Management Fires burn faster uphill

Spidey-Sense

You see James on the 8th-floor cafeteria. You haven’t seen him in weeks which is fine because while you’ve worked together for years, your paths are currently not intersecting.

“Hey, James.”

“Hey! Long-time, I was just thinking about you.”

“Really, why?”

“Randy just called you out in the launch meeting. He said the project was a month behind. Everything ok?”

In your head, before James reaches the end of his statement, you can already feel the response. It’s not the emotional reaction to Randy calling you out, and it’s not the product implications of a month delay. It’s a feeling that you’ve seen this precise situation before and you know precisely how it will play out… but it’s still a feeling.

I’m talking about spidey-sense.

Understanding Spidey-Sense

Spidey-sense is real-time wisdom. You build wisdom though experiences, small and large. These experiences left you with impressions, opinions, and lessons. These experiences are shared with humans and their differences of opinion from nuanced to shocking. However, these differences expand your understanding and teach you lessons. Their approach, attitude, emotion, and words. You observe it all, continue to learn, and carefully index and file away the lessons.

As this corpus of knowledge grows, your brain discovers delicious patterns. When this situation X occurs, I often observe that resulting situation Y, weirdly, always happens a month later. Huh. These collected, observed patterns compile nicely into judgment.1 Over time and with practice, you become comfortable with rendering a considered decision based on this judgment when presented with a situation. You can explain and defend your reasoning because you’ve seen this situation 42 times. You’ve seen these types of humans act in this situation, and you understand possible outcomes. Your decision is defensible. You can clearly explain it. Are you right? Sometimes. Only time will tell, but in either case, you observe the results and impact of your decision, learn, and the cycle repeats.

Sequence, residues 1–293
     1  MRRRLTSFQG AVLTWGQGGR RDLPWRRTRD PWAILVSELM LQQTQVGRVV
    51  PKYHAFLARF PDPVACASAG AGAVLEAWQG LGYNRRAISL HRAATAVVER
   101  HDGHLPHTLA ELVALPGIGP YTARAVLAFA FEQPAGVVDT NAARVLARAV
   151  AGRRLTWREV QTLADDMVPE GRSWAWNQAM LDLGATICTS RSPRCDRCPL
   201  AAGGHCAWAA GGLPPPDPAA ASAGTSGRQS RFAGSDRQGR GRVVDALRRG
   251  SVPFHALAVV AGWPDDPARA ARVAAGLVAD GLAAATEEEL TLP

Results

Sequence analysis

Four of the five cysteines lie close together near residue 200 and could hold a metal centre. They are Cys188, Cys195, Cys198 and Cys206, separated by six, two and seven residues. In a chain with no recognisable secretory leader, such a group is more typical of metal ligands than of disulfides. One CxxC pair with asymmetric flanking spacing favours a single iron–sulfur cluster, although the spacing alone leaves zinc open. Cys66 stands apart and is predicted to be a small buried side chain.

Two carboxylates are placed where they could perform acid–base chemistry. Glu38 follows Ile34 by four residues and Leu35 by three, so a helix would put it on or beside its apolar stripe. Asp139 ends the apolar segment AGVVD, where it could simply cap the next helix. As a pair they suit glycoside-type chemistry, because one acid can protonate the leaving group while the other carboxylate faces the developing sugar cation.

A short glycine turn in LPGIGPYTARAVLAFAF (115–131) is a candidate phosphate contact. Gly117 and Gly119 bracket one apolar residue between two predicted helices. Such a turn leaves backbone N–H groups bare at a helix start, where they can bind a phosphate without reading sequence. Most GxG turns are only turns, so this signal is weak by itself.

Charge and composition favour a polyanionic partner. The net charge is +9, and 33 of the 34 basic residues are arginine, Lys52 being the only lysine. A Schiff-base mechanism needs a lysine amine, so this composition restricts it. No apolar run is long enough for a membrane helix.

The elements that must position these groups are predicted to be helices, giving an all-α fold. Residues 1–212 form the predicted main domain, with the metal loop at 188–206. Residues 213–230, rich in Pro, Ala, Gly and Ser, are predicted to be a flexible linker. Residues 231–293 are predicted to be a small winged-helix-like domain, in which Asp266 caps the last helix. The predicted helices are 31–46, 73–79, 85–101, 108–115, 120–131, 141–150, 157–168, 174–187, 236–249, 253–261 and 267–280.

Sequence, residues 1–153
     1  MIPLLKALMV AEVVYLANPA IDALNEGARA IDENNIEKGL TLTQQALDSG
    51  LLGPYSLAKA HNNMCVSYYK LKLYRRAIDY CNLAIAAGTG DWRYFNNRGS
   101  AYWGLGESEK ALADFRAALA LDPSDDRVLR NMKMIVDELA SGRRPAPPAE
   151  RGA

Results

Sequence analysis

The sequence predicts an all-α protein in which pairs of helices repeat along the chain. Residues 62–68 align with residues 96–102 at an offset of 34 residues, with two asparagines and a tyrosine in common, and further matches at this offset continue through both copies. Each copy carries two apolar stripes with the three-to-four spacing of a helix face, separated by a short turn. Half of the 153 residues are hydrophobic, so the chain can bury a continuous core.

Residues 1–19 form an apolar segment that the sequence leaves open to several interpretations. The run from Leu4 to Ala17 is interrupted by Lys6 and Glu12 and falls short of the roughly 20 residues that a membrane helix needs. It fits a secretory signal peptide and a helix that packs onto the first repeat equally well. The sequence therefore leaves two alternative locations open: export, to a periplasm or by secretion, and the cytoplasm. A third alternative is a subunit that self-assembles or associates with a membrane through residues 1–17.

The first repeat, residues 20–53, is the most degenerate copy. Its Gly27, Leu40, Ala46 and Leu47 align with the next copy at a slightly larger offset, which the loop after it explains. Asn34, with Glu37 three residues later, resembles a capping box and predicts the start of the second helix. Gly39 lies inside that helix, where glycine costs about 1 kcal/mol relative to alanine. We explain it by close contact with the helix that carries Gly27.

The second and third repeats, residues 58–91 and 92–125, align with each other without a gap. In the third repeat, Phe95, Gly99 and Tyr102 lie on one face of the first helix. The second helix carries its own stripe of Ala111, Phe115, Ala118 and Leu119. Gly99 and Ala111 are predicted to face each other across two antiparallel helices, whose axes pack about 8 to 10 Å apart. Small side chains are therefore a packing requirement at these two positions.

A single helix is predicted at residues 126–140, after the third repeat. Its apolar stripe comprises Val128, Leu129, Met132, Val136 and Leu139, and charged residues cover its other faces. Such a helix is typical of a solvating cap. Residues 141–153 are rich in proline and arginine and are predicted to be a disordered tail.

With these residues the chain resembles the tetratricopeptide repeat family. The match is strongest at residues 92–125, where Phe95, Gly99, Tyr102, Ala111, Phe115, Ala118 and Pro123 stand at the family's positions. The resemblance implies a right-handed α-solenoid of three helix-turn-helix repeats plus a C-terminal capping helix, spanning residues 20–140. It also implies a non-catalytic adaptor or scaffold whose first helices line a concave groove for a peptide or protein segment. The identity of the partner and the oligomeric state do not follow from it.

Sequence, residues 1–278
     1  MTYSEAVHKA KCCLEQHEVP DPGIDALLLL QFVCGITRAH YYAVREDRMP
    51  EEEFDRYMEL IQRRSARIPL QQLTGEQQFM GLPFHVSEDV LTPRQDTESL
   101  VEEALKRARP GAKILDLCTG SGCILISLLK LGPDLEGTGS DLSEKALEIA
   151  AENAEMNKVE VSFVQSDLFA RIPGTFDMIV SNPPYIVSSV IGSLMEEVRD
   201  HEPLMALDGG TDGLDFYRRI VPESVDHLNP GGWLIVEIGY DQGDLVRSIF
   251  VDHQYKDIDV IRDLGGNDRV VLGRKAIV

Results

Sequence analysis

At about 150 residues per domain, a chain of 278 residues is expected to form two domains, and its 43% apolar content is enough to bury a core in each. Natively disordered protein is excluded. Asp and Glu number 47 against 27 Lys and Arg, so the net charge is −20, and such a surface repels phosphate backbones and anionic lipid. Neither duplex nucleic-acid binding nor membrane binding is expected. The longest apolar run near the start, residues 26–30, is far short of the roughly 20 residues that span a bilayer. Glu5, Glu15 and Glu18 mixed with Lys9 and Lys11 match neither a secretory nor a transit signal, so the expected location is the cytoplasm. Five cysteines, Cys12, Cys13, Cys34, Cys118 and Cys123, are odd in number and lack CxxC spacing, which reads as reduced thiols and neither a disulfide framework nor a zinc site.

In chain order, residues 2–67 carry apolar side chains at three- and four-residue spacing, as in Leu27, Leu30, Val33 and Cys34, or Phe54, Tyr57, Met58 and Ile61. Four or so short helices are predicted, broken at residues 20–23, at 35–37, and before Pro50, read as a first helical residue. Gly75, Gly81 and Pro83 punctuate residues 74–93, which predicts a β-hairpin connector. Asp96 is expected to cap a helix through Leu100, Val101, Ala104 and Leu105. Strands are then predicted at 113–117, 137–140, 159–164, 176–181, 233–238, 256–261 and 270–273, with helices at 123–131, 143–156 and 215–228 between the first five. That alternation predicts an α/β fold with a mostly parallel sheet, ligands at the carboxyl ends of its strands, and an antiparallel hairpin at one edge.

The prior two paragraphs are the primary reason that universities don’t offer substantive degrees in leadership. Most of the essential skills required to be an effective leader are acquired and built by deliberately experiencing the seemingly infinite canvas that is the workday… for years.

Wait, what? That’s the Advice? Live Life? Thanks, Rands.

Hold on.

Spidey-sense is real-time wisdom. At some point in collecting experiences, lessons, observations, people, personalities, and words, you’ll begin to apply this pattern matching process instinctively… all the time. More so in leadership, because you have access to more information and will be required to use that information to make large critical decisions quickly… all the time.2

Spidey-sense is not paranoia. They’re related, and often spidey-sense is the reason a human becomes paranoid, but paranoia is fueled by fear. It’s an impending sense of doom that one can not control. Spidey-sense is a sudden question in the back of your brain, Wait, what?

Spidey-sense is a hunch discovered when you’re tasting soup. It’s your experience speaking… loudly. A moment of inspiration. Of intuition. It feels like magic because the insight arrives instantly appears out of nowhere, and that’s why you should trust it.